After discharge, the patient and the patient's caregivers are responsible for the surgical drain management, adequate hydration and ambulation, pain management with oral medication, and incision care. Dressings are often maintained in position by a firm, but not tight, abdominal binder. Patients may shower with the surgical drains and pain pump in place within days of surgery. Activities including lifting, pushing, pulling, climbing, and abdominal exercises are limited for approximately 6 weeks. More specific instructions vary according to the exact procedure done and surgeon preference. Patients will be seen on at least a weekly basis by the surgeon in follow-up until the drains are removed, then monthly, then every other month, as long as all goes well.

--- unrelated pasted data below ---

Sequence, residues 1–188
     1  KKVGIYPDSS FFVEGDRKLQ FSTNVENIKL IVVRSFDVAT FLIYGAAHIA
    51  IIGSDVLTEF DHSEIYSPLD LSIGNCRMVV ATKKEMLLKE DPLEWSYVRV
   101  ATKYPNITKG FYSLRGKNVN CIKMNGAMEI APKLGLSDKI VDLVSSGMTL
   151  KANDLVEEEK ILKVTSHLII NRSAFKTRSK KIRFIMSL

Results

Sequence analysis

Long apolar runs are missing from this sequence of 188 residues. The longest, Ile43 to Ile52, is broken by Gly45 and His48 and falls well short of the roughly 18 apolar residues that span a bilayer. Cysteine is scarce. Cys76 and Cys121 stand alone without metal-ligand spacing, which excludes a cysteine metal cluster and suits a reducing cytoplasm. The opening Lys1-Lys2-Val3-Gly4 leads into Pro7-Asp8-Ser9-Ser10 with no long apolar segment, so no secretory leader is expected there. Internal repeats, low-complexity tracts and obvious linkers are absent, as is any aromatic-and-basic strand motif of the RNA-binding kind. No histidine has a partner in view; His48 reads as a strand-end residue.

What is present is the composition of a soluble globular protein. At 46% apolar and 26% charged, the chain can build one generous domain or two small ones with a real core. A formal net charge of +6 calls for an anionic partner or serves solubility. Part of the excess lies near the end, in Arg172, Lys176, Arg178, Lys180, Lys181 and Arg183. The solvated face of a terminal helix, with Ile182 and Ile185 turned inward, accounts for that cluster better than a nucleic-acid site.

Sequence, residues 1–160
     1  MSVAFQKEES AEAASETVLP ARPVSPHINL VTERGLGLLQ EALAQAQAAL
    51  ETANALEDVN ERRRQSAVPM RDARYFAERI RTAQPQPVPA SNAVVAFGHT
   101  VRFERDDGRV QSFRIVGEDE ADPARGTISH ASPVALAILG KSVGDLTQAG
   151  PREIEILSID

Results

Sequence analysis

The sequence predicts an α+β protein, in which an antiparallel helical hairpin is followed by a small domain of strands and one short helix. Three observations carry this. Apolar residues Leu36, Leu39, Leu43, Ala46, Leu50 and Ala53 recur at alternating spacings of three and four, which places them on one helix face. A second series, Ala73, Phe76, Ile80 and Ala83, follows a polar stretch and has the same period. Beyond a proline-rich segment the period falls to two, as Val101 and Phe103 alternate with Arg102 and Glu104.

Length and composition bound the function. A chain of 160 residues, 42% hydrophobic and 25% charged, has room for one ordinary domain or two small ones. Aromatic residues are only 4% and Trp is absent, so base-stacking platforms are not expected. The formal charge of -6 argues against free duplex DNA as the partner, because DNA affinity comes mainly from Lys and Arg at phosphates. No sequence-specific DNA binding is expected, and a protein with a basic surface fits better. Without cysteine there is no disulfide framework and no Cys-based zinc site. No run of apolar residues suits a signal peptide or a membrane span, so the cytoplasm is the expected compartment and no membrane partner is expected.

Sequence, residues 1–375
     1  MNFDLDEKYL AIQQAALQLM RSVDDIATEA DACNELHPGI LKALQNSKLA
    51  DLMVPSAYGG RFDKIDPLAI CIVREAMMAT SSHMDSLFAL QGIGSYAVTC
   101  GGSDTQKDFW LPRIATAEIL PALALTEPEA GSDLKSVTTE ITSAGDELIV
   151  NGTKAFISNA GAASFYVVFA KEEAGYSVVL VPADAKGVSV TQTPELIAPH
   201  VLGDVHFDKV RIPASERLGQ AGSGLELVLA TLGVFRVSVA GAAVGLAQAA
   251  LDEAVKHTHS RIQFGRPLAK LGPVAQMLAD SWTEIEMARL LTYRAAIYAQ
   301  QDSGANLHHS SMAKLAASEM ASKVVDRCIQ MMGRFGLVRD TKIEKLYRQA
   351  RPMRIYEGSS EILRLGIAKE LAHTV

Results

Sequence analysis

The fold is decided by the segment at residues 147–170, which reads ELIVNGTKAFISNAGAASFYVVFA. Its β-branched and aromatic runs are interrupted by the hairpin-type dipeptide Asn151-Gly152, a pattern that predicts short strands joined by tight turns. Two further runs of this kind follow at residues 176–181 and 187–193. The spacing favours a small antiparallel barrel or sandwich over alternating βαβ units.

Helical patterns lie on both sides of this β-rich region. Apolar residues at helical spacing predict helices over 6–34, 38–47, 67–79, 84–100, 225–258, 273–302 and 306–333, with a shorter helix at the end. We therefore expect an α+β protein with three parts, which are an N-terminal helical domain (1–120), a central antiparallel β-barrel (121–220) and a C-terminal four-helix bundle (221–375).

Complications and management
Complications may occur after abdominoplasty, and the risk must be weighed against the complexity of the abdominal surgery performed, tempered by preexisting conditions that exacerbate complication risk. The risks and benefits should be discussed in detail with the patient before surgery. Complication rates for abdominoplasty tend to be low and are hard to generalize due to the difference in contouring procedures and patient populations. Factors that exacerbate complications include obesity; diabetes; asthma; cardiac disease; history of venous thromboembolism (VTE), including deep venous thrombosis (DVT) and pulmonary embolism (PE); nutritional status, which might be impaired by bariatric surgery and significant weight loss; prior surgical scars; and weight of skin removal.4–7 Complications that may occur after abdominoplasty include wound-healing problems, infection, seroma, hematoma, thromboembolism, scarring, numbness, and recurrent laxity.